With a focus on Romania, my research explores how different political regimes mobilize various kinds of expertise to transform urban spaces in line with dominant political visions. Via archival and ethnographic research, I analyze the employment of historic neighborhoods and national museums as political sites of statecraft.

Manuk Inn, an 18th century building restored in 1972, Old Town, Bucharest. Photo by Emanuela Grama, May 15, 2016.

My first book, Socialist Heritage: The Politics of Past and Place in Romania (Indiana University Press, 2019), analyzes the relationship between heritage, state-formation, and nationalism in communist and postcommunist Romania from 1945 until the late 2010s.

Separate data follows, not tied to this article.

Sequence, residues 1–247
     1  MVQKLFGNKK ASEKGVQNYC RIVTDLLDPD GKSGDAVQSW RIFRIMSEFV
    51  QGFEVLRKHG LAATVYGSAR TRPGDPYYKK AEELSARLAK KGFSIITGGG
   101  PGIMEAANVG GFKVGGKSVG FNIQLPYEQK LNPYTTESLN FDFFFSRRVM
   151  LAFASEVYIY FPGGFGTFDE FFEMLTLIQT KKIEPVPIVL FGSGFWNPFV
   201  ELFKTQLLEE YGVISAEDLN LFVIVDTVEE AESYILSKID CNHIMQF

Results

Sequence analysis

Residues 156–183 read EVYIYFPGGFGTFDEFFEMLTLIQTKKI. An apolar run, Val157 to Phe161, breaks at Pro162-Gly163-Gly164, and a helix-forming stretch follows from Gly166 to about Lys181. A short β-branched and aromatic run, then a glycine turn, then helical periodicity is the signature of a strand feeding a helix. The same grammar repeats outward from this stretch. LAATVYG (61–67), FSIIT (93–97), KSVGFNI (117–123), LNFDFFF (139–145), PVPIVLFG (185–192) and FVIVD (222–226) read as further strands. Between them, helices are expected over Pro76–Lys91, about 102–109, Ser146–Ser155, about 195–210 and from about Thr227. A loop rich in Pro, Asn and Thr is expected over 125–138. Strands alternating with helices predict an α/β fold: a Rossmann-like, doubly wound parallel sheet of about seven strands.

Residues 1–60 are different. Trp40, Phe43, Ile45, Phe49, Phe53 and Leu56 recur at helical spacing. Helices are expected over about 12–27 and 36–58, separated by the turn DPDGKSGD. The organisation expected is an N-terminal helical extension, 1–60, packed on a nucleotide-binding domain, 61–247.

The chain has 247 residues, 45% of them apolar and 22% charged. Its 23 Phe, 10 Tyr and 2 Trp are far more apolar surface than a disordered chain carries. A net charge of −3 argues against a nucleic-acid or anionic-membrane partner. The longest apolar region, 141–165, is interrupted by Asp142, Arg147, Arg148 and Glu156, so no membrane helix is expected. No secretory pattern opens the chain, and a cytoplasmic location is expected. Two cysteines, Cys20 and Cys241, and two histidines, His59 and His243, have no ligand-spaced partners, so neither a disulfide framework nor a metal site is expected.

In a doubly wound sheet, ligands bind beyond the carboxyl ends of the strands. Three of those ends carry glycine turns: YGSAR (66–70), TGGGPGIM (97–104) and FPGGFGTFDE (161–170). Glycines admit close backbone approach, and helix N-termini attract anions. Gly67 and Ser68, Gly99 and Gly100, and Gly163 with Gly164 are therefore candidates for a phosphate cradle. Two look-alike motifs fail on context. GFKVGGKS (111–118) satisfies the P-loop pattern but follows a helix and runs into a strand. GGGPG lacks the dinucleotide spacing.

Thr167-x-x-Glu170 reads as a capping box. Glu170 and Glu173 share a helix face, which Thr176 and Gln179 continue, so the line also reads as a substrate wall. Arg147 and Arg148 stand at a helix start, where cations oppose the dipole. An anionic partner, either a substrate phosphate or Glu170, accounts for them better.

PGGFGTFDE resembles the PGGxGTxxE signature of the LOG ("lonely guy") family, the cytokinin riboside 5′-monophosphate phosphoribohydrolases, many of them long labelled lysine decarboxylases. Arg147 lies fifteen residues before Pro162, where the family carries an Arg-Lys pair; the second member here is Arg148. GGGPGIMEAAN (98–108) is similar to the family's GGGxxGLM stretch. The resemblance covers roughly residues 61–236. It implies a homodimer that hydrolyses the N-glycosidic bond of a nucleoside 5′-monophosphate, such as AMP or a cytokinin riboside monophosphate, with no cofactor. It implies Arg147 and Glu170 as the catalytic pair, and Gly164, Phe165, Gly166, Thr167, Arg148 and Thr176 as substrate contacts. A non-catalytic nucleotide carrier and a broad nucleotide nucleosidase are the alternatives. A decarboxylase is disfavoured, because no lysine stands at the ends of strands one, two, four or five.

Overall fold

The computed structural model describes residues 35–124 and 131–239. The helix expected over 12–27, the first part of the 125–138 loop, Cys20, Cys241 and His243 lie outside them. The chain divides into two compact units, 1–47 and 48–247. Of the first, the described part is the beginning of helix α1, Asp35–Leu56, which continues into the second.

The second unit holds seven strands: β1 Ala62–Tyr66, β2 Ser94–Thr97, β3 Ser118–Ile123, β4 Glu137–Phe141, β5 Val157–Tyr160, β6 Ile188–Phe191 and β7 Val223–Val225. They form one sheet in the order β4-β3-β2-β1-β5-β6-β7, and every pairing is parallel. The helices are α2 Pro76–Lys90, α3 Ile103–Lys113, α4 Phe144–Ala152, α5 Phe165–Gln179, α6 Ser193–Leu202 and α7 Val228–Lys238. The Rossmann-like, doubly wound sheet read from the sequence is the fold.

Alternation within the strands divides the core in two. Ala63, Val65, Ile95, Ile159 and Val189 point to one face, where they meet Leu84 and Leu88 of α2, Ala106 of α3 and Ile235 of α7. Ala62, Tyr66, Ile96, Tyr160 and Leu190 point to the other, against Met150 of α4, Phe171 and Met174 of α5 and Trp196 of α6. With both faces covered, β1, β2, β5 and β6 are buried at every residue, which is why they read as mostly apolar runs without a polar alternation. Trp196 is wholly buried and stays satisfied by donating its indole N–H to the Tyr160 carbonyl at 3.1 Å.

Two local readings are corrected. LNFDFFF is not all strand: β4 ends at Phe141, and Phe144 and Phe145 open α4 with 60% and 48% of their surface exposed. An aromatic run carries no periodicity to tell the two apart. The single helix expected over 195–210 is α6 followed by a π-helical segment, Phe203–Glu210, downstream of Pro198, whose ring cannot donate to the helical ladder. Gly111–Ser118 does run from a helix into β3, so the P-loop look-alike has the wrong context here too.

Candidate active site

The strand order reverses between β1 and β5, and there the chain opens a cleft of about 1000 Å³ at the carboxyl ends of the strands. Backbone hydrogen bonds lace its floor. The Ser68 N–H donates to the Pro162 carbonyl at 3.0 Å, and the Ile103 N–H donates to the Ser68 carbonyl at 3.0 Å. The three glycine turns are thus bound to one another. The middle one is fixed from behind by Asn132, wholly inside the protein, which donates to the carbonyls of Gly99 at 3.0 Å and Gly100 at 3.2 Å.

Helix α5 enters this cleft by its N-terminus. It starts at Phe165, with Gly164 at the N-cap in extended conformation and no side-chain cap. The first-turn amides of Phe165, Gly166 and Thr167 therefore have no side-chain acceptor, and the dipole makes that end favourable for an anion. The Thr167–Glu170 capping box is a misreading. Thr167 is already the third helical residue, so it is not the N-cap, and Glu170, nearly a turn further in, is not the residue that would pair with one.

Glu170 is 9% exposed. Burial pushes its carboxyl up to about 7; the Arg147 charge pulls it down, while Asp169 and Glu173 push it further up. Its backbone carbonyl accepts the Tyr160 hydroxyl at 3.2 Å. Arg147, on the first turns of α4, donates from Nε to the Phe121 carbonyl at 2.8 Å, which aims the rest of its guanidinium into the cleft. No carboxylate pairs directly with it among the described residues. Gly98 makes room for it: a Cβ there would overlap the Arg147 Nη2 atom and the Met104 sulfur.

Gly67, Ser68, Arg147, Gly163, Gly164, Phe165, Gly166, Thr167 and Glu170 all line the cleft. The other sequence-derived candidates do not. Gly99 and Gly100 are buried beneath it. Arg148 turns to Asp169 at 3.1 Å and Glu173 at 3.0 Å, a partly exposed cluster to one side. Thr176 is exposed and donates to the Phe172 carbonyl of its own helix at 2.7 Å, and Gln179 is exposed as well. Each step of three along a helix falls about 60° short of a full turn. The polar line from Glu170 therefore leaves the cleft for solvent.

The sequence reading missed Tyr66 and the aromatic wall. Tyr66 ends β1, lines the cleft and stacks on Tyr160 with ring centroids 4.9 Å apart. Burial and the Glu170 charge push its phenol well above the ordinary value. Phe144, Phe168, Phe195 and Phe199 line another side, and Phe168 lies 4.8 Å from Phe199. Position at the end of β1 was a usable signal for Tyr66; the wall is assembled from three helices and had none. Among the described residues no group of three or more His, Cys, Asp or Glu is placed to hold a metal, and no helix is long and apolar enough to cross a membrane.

Baroque house in Sibiu/Hermannstadt, Transylvania. Photo by Emanuela Grama, May 25, 2016.

I am currently working on my second monograph, Born-Again Europeans: Memory as Capital and Ethnicity as Property in Transylvania. The book explores the de-nationalization and Europeanization of ethnicity in Transylvania through memory-work and property restitution.